Incidentally, I've been watching this storm as it's meandered and grown and done all of the stormy things it has done. I remember a few days ago looking at the formation on the maps and thinking, "Heck, that looks like a hurricane." I also kept thinking it would end up here, even though a few days ago it looked like it was more interested in vacationing in Hawaii.

Humph. Stupid storm doesn't know it's too early to be a winter visitor to Arizona. January's our peak season.

Last night while attempting to play an online game, I upended a box of beads - all over the floor of the computer room. While at least, thank God, the carpet here is indoor-outdoor (the computer room is in an addition to the place, built onto the back of the porch,) it's never bright enough to really see anything.

In the course of getting down on my hands and knees to find as many of the darned things as I could, though, I found a gold chain that broke shortly after I moved here. I knew it was in this room but had forgotten all about it. I'd planned to try and fix it, but it is so extremely fine that there's simply no way, even with a magnifying glass. I was afraid it would cost me a fortune to take it to a jeweler, but decided today to take it in for a quote. I was pleasantly surprised to get a quote of only $20. Considering the delicacy of the chain (the metal on the links is about the thickness of a human hair) I consider that a bargain. The guy who took it in said he didn't know if it was gold or not, as it wasn't marked. But it's an older chain and even he acknowledged that as fine as it is, he didn't know where it could be marked. (It was given to me and the person who gave it to me told me it was gold. I assume she knew what she was talking about.)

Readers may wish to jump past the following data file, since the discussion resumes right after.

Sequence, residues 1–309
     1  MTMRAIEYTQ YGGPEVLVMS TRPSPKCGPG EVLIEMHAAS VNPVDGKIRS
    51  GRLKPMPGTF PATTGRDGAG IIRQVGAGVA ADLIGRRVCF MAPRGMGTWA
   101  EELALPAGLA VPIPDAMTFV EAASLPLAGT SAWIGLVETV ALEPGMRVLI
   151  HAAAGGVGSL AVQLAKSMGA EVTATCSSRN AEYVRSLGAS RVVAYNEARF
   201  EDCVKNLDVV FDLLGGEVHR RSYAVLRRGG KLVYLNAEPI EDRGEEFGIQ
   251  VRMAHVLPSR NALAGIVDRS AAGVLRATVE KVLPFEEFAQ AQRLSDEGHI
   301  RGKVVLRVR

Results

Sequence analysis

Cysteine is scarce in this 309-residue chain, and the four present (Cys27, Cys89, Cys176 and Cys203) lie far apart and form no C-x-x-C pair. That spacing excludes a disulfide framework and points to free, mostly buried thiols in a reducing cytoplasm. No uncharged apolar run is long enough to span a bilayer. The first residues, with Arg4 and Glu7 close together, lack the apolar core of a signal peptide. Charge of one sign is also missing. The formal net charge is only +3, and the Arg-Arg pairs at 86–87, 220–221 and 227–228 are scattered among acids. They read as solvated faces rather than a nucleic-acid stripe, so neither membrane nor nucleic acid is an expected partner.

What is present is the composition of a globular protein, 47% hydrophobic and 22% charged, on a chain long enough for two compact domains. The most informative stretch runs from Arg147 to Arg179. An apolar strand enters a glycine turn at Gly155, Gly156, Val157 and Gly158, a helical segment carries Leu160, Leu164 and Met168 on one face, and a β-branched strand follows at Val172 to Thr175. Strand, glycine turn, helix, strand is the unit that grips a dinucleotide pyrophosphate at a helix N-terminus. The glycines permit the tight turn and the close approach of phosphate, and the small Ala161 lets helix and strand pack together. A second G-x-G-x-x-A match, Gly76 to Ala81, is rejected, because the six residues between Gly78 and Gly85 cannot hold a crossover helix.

I'm virtually certain it's the real McCoy because I wore the thing for months before it broke. It didn't turn my skin and didn't tarnish. As fine gauge as it is, it's a pretty safe bet that any plating would have worn away. Besides which, the links aren't much thicker than a layer of gold plating.

I spent the money for six more paid months on Diaryland. Not sure what possessed me to do so right this second, but there you go. It's a done deal. I only had one night I couldn't get in to post this past week, too. Guess I figured it was worth it to pre-empt being ready to post something awesome, only to discover I couldn't get in. Since that isn't going to happen, I'll be able to post frequently but without the awesome part.

I told former boss I would do his website for the $1000 - and he's already starting to yank me around on the timing. He implied he wanted it done right away; now he's telling me maybe January. I'm ready to tell him what he can do with himself. Sometimes no amount of money is worth the grief.

Before - After

In the grander scheme of things, no soul can truly be replaced. Each one of us has a place in the universal tapestry. We each contribute our own color and texture. When one thread is snipped too soon, it distorts all the threads around it. Other lives can unravel and tear. If the wrong thread is ripped away, the whole fabric of life becomes dangerously fragile.
- LeiLani, aka Radiogurl aka Bright Opal (1957 - )